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Want to learn how to Bilateral Breathe...you should!
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Do you breathe bilaterally in most of your swim training sessions?
Yes
63%
 63%  [ 95 ]
No
36%
 36%  [ 54 ]
Total Votes : 149

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Swim Smooth




Joined: 22 Aug 2005
Posts: 1487
Location: UK and Australia

PostPosted: Mon Jan 16, 2006 6:18 pm    Post subject: Want to learn how to Bilateral Breathe...you should! Reply with quote

Dear All

Thought it would be an interesting topic to run and see just how many of us do actually breathe bilaterally for the majority of our swim training sessions. As a swimmer I used to be a bit slack fearing that the change to bilateral breathing would either be too hard or would slow me down. Now as a coach I preach it like its going out of fashion, and for good reason too.

Have a scan of the 'article' below and see what you think and whether you will be one of those people who never gets over the "two week bilateral breathing hump" no matter how much encouragement you receive. I encourage everyone to give their two cents worth so that hopefully we can develop this thread as a "self-help" guide with remedies or ways you have been converted or may have converted someone else.

We had a very nice guy who came along to our Manchester Clinic in October who said "you'll never change me, I'm too old!" and whilst it admittedly took some time, he recently emailed me to say he would never now go back to unilateral breathing. See if this is you...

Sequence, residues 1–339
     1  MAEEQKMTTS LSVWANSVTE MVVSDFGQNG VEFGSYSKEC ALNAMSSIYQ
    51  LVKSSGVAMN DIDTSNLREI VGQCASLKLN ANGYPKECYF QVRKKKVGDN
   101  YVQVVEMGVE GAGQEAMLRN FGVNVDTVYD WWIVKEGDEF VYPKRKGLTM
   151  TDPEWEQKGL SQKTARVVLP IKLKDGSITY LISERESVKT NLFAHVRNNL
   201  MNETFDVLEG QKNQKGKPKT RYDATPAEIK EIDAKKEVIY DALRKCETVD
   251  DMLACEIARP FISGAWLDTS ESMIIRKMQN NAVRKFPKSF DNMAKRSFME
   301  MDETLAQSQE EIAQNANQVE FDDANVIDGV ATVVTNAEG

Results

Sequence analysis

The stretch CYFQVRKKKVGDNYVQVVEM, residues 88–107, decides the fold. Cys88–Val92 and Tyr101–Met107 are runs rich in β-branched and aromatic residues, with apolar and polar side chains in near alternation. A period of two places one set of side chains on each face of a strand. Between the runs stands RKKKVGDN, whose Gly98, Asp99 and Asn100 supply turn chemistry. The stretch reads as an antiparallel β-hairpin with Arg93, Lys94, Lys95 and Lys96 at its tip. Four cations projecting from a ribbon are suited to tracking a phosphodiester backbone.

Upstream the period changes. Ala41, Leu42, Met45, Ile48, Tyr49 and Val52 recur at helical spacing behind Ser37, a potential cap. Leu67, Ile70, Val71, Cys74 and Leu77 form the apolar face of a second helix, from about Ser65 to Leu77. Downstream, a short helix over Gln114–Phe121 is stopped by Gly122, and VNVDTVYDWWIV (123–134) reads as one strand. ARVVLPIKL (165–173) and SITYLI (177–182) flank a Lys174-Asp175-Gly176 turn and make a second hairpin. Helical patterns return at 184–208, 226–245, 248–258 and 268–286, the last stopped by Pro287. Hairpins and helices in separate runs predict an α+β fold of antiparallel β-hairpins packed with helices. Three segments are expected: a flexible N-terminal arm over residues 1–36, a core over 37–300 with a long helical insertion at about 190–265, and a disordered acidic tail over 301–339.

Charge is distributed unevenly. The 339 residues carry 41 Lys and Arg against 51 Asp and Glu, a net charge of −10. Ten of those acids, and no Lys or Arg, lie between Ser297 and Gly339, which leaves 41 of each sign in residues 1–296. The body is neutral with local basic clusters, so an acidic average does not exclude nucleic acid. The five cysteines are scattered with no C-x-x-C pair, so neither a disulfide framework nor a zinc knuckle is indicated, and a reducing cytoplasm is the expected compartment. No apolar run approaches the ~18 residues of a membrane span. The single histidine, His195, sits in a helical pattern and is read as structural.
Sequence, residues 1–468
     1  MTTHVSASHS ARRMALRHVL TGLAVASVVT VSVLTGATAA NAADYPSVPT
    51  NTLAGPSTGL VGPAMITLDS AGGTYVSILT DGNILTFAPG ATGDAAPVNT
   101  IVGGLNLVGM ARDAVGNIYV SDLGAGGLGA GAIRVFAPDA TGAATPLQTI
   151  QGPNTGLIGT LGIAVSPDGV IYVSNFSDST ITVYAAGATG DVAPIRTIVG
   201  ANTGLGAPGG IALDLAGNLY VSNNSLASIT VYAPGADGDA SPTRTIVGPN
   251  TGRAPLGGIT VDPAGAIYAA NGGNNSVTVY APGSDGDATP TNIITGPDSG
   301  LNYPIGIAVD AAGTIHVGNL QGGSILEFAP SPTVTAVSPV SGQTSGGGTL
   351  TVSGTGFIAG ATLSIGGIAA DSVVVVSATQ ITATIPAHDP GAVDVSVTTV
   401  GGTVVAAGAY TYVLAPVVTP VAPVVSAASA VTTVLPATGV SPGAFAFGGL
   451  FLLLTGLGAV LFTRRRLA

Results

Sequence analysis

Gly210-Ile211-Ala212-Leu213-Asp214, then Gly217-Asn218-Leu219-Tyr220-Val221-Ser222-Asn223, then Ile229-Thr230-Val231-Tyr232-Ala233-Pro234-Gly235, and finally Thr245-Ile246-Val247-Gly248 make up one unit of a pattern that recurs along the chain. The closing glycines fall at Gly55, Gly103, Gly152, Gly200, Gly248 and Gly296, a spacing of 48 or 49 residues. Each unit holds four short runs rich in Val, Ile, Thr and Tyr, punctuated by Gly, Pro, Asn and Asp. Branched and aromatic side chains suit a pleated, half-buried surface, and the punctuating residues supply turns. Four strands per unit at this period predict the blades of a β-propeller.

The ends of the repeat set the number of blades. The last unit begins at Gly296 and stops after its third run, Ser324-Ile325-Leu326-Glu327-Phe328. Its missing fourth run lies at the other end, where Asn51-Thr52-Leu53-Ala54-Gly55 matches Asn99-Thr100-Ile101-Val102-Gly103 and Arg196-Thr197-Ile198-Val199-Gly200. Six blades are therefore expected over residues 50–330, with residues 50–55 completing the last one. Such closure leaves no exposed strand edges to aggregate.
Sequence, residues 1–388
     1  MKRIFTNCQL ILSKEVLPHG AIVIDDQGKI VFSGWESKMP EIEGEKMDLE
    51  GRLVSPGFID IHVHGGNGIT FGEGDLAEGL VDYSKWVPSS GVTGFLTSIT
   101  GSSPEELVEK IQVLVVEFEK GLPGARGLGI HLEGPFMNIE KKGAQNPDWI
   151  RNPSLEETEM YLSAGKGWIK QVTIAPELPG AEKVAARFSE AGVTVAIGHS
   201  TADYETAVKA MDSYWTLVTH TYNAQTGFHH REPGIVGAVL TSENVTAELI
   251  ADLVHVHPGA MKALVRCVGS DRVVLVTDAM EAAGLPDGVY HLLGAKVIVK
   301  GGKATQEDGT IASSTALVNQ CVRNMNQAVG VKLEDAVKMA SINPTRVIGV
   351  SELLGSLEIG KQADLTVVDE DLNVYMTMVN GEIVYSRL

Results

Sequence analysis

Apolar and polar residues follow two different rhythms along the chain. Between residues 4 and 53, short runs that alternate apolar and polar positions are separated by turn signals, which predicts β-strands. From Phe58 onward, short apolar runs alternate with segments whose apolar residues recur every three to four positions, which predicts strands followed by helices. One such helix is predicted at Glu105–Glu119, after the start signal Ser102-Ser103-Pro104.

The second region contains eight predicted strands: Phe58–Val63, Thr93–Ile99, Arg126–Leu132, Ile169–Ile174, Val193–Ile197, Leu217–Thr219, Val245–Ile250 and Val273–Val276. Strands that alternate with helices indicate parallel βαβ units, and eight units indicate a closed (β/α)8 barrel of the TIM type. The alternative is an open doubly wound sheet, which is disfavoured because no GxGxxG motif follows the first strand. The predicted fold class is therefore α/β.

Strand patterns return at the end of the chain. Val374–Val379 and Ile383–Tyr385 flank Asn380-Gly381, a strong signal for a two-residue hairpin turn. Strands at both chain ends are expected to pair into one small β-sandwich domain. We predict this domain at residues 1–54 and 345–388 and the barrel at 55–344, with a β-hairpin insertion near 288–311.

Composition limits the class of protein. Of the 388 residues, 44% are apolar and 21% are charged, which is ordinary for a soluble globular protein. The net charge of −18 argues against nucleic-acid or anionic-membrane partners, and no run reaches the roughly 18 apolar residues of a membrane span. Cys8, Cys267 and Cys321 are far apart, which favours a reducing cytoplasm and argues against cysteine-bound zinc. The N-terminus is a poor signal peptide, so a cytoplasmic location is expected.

Breathing Easy

As a triathlete, how often are we told that it is beneficial for us to be able to breathe to both sides when swimming freestyle? Frequently, and for good reason too. But how many of us are willing to dedicate some time to rectify our old unilateral breathing habits in favour of a more balanced bilateral breathing stroke? From experience, few people. So why exactly is it favourable to be able to breathe bilaterally and how can we go about making these improvements to the stroke?

Bilateral Breathing

Bilateral breathing is essentially the skill of alternating your breathing pattern so that you breathe once to the left, take three strokes, and then breathe once to the right in a continuous fluid motion. This helps to keep the stroke smooth and balanced. If you are counting strokes till your next breath, odd number counting (3,5,7) will lead to bilateral breathing and even number counting (2,4,6) will lead to unilateral breathing. Sounds simple, but you’d be surprised how many people struggle with this simple coordination exercise. Many people look to the great swimmers at the Olympics (e.g. Thorpe, Hackett and Phelps) and see them only breathing unilaterally and think, “Well if it works for them and is easier for me to stay to one side, why change?” However, in reality these swimmers do the majority of their training sessions breathing bilaterally to maintain balance and symmetry, choosing to switch to unilateral breathing during a race for both tactical and physiological purposes. Try to think of bilateral breathing as a good training habit to establish, and choose to switch to one side if the situation in a race dictates.